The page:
As I was working on another assignment for the class I was quite surprised to see the number of times uncertainty was declared concerning the authors of the Old Testament.  I must say, as one often in the New Testament more than the Old, I found I was relatively ignorant to number of questionable authors in the book.

As I researched I was wondering what percentage of questions concerning authorship was just a result of scholarly rebellion against tradition.  At first, I thought that could be an answer to at least some authorship issues, and it still may.  But what I want to consider for this post was the number of legitimate authorship issues.  As discussed in posts and lessons, these include Moses’ influence on the Pentateuch, Jeremiah’s relation to Baruch, and others many other example.

What I have concluded is that authorship issues can be more than just who wrote the book, it can also encompass background info about the author.

As I was reading the lesson on the Milieu I was thinking about how studying it could change our interpretations of texts.  I am not sure if such a topic as follows falls within the normal definition of authorship issues, but it made me think.

Take for example the prophet Obadiah.  Our book says “We know nothing about the author except his name [and] there is some uncertainty about the spelling of his name” (562).  We do not know anything about Obadiah, and we cannot even spell his name, yet he is in our scriptures speaking on behalf of God.

Now, if the milieu is legitimately important, as I believe it is, than are we not at a disadvantage in interpreting Obadiah’s words from the moment we open his book.  We know very little about him.   All we can do is  discern from his general lifetime information about the current political, economic, religious situation.  Yet, all of those factors create a huge stumbling block for accurate interpretation if not factored correctly.

What I am concluding is even if our author is known, authorship issues could still be present.



3 Responses

  1. Since beginning this class I have moved a bit to try to understand more of the setting and history and so on. It is important. The fact that we know little or nothing of Obadiah does make it somewhat difficult to get a handle on precise meanings but as I have mentioned before either in this class or at another (can’t remember) are we really that much different than the people that Obadiah wrote too? Really? Didn’t they struggle with family issues, income, poverty, abortion, homosexuality, drunkeness, greed, murder, divorce, envy and on and on just as we do? I realize their culture was somewhat different but I think we make it much too different because I think people have struggled with the same issues that we do since man and woman were forced out of the Garden.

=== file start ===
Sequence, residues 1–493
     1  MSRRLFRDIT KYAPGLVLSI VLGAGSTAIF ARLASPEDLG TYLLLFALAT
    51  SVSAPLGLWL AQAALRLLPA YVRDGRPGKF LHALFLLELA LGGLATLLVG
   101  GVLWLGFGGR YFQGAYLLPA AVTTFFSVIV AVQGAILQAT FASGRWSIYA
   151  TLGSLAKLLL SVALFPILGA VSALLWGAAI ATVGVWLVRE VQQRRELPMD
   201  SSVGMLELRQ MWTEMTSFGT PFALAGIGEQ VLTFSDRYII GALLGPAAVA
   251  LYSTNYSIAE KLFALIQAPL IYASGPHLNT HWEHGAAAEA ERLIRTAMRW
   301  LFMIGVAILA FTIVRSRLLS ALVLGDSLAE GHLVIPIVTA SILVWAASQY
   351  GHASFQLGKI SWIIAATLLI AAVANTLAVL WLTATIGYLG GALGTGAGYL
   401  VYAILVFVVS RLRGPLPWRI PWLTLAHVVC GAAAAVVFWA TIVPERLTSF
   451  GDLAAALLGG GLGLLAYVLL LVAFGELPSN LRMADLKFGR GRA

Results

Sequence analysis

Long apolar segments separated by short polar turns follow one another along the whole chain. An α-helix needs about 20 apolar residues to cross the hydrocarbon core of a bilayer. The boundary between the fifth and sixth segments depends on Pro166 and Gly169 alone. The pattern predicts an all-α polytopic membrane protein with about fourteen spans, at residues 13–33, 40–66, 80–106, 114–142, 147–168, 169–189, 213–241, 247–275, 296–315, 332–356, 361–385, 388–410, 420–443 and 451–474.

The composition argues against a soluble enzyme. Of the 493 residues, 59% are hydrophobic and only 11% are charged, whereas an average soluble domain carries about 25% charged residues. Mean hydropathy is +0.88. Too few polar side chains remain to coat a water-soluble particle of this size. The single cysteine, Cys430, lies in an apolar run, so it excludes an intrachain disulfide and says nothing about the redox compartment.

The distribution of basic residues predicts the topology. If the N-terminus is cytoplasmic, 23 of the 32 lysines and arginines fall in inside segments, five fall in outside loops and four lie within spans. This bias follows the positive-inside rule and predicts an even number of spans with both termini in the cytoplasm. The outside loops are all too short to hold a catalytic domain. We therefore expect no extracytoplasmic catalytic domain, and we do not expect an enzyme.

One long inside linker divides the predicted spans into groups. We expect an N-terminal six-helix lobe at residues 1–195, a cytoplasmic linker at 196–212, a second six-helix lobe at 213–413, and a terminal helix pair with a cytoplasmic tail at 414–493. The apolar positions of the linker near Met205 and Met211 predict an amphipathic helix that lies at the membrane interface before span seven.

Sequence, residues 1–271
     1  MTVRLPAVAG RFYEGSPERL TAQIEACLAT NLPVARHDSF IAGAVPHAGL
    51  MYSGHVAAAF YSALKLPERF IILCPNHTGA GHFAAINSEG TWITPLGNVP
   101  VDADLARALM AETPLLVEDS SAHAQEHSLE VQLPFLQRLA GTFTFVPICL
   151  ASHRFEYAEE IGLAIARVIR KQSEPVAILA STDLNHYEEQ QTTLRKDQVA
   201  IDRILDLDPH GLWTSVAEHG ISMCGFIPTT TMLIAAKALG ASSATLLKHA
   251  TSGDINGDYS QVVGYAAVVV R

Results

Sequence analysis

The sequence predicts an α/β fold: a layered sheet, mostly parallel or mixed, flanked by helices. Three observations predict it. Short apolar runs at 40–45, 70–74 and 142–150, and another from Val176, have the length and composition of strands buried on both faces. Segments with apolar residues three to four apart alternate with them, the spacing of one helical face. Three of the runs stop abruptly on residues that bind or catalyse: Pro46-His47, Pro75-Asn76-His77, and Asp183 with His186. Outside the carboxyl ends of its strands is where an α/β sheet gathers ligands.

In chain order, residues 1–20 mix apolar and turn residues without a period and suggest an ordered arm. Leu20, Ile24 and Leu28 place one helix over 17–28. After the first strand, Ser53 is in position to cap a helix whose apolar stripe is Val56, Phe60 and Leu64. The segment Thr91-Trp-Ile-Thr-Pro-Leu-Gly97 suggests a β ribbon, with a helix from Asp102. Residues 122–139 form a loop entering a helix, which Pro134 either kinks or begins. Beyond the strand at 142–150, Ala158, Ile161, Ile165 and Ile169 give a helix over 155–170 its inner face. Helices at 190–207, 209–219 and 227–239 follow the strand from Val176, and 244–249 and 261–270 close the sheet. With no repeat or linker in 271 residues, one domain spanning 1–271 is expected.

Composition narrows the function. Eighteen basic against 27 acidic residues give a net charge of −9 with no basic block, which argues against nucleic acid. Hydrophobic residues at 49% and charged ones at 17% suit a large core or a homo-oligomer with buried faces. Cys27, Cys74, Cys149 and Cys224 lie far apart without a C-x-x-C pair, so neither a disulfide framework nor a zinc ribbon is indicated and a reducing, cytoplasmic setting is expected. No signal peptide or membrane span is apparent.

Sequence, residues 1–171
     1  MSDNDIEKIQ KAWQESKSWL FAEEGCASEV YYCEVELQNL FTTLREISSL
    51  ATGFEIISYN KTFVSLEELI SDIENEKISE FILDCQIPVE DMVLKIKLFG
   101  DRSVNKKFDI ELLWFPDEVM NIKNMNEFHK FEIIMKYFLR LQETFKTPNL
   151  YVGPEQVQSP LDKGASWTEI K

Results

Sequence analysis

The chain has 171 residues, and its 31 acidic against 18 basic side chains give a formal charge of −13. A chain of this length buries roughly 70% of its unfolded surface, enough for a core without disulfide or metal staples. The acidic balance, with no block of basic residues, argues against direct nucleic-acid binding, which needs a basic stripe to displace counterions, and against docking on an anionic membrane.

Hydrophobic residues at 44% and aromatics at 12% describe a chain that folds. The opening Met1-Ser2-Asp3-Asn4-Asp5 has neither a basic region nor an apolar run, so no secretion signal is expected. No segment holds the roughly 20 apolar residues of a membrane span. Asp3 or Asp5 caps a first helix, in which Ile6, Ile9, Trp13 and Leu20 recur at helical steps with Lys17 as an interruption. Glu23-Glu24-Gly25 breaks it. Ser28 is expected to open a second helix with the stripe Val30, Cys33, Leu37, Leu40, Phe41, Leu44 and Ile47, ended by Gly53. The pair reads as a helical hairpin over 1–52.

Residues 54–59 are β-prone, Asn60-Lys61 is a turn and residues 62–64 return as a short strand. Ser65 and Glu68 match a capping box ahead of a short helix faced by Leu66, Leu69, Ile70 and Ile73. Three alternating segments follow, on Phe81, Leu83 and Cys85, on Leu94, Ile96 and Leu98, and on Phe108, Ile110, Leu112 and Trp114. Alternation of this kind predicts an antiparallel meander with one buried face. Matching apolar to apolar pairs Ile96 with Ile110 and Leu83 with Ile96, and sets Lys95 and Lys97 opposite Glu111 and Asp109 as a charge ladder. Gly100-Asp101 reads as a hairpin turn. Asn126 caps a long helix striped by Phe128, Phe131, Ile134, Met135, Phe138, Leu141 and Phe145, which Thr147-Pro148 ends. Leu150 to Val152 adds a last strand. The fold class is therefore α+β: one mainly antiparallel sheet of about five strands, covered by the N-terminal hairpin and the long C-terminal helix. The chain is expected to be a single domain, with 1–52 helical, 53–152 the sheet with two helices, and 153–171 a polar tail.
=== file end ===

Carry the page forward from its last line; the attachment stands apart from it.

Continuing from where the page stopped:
I believe God is introducing his culture in scriptures that he wants us to move toward to bring us back to the culture of the Garden. I believe the New Testament is his last word before he returns and that is how we are to live until that day of final restoration. We hear of God’s progressive revelation and I think the Old Testament progressed until the final word came when Jesus walked the earth and the inspired writers wrote the New Testament.

    Therefore I think we struggle too hard to understand their time when it is in front of us right now. the major difference we have today is that our modern technology just allows us to plunge deeper into sin at a faster rate.

    • Bill,
      you make a good point about the fact that all cultures face similar issues, obviously stemming from sinfulness. I guess what my thinking was that just b/c we have an authors name, does not automatically remove all authorship issues from the text. Rather, the issues just shift to the context of the writer. In some ways we need an ancient facebook to help collect information about the authors.

  2. I have to admit that I was also surprised at the “number of times uncertainty was declared concerning the authors of the Old Testament” in the OT Introduction textbook. I have grown up in church my entire life and read through the Old Testament books several times. For the most part I just assumed that certain people authored Biblical books because that was what I had always been taught. I was truly shocked to see how many scholars doubt the traditional authorship of many Old Testament books.

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